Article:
I am surprised at the harshness and lack of build for purpose that a lot of modern cars display. Do I need all the electrical trinkets? No. Do I need the cost of the spare parts to service all the gadgets? No. All I ask is luxary and peace and quiet. No worries.


    • I agree, Si!

      Modern luxury cars are – for the most part – not luxurious. They are expensive, yes. Sporty – even aggressive – yes. But not soft and quiet and plush and comfortable… and that’s what luxury used to be.

  2. Hello Eric. Your article makes good sense, along with the comments – but of course like most good ideas the majority of consumers will never do more than a short test drive with the salesman along for the ride.

    For many years I was formerly a top-performing import car brand salesman, and my ranking was among the top 20 salespeople in the US for that brand. My test drive was always part of a very thorough and controlled (by me) sales presentation, which started with my meeting and greeting the customer, and ending the majority of the time 3 or 4 hours later with them driving away in the new or used car they just bought.

    My standard test drive route (with me a long for the ride)included stop and go city traffic and open highway motoring, with right turns only, and lasted about 30 minutes. Upon returning to the dealership I would make my final presentation, obtain the customer’s agreement to purchase, and then move them into the financing department for paperwork before coming back to me for the final presentation and delivery of their new vehicle to them. All in all this usually took 3 or 4 hours, start to finish. (And 72% of my customers purchased from me – when I read that the industry average is about 20%.)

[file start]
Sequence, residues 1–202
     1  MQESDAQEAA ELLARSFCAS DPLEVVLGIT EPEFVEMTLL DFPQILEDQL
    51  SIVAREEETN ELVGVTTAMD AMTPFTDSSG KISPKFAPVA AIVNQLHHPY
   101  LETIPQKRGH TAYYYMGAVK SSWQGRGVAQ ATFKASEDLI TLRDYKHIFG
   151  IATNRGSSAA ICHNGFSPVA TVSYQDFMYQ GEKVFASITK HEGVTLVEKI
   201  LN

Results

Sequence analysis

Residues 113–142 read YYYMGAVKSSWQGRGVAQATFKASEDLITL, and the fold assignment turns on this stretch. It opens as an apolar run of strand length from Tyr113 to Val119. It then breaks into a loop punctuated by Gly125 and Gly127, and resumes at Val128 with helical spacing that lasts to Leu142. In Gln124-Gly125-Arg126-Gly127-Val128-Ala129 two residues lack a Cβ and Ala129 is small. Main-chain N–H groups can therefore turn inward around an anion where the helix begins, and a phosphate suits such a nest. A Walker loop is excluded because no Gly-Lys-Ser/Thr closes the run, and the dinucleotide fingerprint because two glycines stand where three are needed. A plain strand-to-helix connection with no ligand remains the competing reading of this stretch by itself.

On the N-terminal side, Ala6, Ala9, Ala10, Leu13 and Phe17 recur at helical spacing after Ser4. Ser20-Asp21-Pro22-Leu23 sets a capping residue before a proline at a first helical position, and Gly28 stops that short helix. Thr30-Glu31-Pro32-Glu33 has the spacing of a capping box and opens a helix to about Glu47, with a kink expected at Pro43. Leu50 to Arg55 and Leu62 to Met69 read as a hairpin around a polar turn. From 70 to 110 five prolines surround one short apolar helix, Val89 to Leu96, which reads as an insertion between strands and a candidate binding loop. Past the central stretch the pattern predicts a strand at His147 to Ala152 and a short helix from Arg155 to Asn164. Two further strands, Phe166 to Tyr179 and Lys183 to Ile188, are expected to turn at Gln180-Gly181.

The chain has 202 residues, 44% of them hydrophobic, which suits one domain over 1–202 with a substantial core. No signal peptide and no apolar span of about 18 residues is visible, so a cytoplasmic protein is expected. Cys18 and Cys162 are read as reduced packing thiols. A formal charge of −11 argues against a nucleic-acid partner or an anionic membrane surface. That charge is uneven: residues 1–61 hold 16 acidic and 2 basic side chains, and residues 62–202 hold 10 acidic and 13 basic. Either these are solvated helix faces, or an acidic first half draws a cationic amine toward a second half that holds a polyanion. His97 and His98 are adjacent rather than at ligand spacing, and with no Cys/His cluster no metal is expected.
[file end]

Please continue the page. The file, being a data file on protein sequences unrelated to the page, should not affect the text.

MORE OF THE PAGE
Anyway, getting back to the test drive – if the customer would not purchase from me during this initial meeting, which was rare, I would always recommend to them to take the vehicle for a no-cost no-deposit overnight or multi-day test drive, like over the weekend. They usually said yes to that, and I have always believed that these longer test drives are an excellent idea, for all of the reasons that you state (as well as for increasing my own sales percentages).

    Upon returning from these longer test drives, the vast majority of these customers purchased the vehicle.

    Long test drives are a great idea. As a customer, one should never hesitate to ask for one. There should be no requirement or responsibility on the part of the customer to the dealership, other than to return the vehicle in like-new undamaged condition, with perhaps a limit to the amount of miles one could drive.

    It was never uncommon for customers to put 100 miles on a vehicle during these multi-day test drives, and again, they were under no commitment to buy.